Today’s guest post is courtesy of Carlo Pandian.
The presence of organic wine production in France is not just a fad that is limited to the side lines, or a ‘wacky’ period of experimentation. Wine grown from organically certified grapes (because, strictly speaking, there is such thing as ‘organic wine’ in the EU) has very much taken hold in the great vinous country. But what are the motivations behind the switch and how does this impact on French wine production as a whole?
It may not be completely unfair to say that the wines hailing from the Languedoc haven’t always had the best reputation, mainly, but not exclusively, for valuing quantity over quality. The fact that this is the single biggest wine-producing region in the world and makes up more than a third of France’s total production says a lot. But in more recent years, Languedoc is garnering a reputation for more quality production, usually within the more well-known appellations such as Corbières AC and Minervois AC. But there are also exciting producers bucking the trend even more by creating wines from organically grown grapes where the emphasis is very much on the quality. Mas Coutelou is one such operation and holds the impressive accolade of being one of the first French estates to be certified organic in 1987. Situated in Puimission, the emphasis here is on creating wines that are the best possible expression of the terrior with very little intervention. This means not only using organic grapes, but also avoiding the use of sulphur during vinification if at all possible and bottling without filtration. The results are outstanding and unusual, and tellingly, only produced in suitable vintages. The dedication of this producer shows that the effort put into making ‘organic’ wines goes hand in hand with the effort required for making quality wines.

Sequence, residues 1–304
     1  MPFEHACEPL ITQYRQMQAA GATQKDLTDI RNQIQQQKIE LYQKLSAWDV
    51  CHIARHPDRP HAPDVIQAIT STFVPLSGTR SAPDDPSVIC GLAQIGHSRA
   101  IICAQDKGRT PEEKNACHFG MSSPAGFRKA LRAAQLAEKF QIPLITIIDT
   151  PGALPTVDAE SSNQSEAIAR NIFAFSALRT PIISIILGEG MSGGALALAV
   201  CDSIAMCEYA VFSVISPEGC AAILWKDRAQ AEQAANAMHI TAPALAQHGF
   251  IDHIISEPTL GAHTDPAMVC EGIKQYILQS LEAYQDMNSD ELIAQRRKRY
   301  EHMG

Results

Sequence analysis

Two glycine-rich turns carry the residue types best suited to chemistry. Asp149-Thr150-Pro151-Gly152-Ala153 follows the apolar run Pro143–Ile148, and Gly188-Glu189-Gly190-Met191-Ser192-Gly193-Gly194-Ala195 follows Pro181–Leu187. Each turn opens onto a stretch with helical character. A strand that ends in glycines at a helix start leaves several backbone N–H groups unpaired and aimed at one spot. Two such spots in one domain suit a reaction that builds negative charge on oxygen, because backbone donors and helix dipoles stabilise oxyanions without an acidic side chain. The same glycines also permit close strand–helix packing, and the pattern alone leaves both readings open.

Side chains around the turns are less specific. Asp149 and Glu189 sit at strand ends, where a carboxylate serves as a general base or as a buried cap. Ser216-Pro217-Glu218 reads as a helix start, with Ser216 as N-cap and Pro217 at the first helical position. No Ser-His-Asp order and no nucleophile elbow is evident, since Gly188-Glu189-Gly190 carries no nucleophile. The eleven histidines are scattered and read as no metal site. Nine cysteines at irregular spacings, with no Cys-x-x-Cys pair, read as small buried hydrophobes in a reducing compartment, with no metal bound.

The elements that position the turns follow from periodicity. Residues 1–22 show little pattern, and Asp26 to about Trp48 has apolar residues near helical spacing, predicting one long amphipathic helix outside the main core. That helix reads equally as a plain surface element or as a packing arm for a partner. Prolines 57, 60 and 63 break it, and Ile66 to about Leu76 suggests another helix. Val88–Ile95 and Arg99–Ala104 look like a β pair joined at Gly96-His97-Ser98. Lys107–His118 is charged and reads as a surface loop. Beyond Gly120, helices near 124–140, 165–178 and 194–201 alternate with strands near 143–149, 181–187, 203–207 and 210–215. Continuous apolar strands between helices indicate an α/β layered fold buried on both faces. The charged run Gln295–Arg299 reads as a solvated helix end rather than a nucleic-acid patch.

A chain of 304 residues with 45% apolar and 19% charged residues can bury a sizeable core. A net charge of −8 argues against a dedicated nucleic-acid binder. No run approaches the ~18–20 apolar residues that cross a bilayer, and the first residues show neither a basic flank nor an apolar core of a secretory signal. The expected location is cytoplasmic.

And this harmony between quality and organic production is also evident in other traditional wine regions. Chateau de la Bonnelière sits in the heart of Chinon in the Loire Valley, makes world class Chinon Rouge and Touraine Sauvignon and has been working towards its celebrated organic status for the last decade. Winemaker Marc Plouzeau classes himself as a ‘minimal interventionist’, again placing the utmost importance on expressing the sense of place in his wines. The slow process of organic certification undertaken by this traditional family estate shows this is no flash in the pan fad in the traditional world of French wine.
The predominance of chemical pesticides in the area of mass production is completely understandable – by its very nature, this process does not have the time or afford to take the risks associated with a more natural approach. And when you put this is the context of the phylloxera crisis in the 19th century, it goes without saying that the wine industry as a whole wants to do all it can to prevent such a catastrophe again, and this includes undertaking the widespread use of pesticides to prevent vine disease. But with organic practices being adopted by the upper echelons of the wine industry – Domaine de la Romanée Conti no less – world class production and organic production are becoming increasingly common bedfellows within the French industry.
Carlo Pandian is an Italian expat based in London and wine blogger. He loves sharing his knowledge with the readers of Blood, Sweat & Fashion and recommends trying new wines for pleasure and culture. Connect with him on Twitter @carlopandian.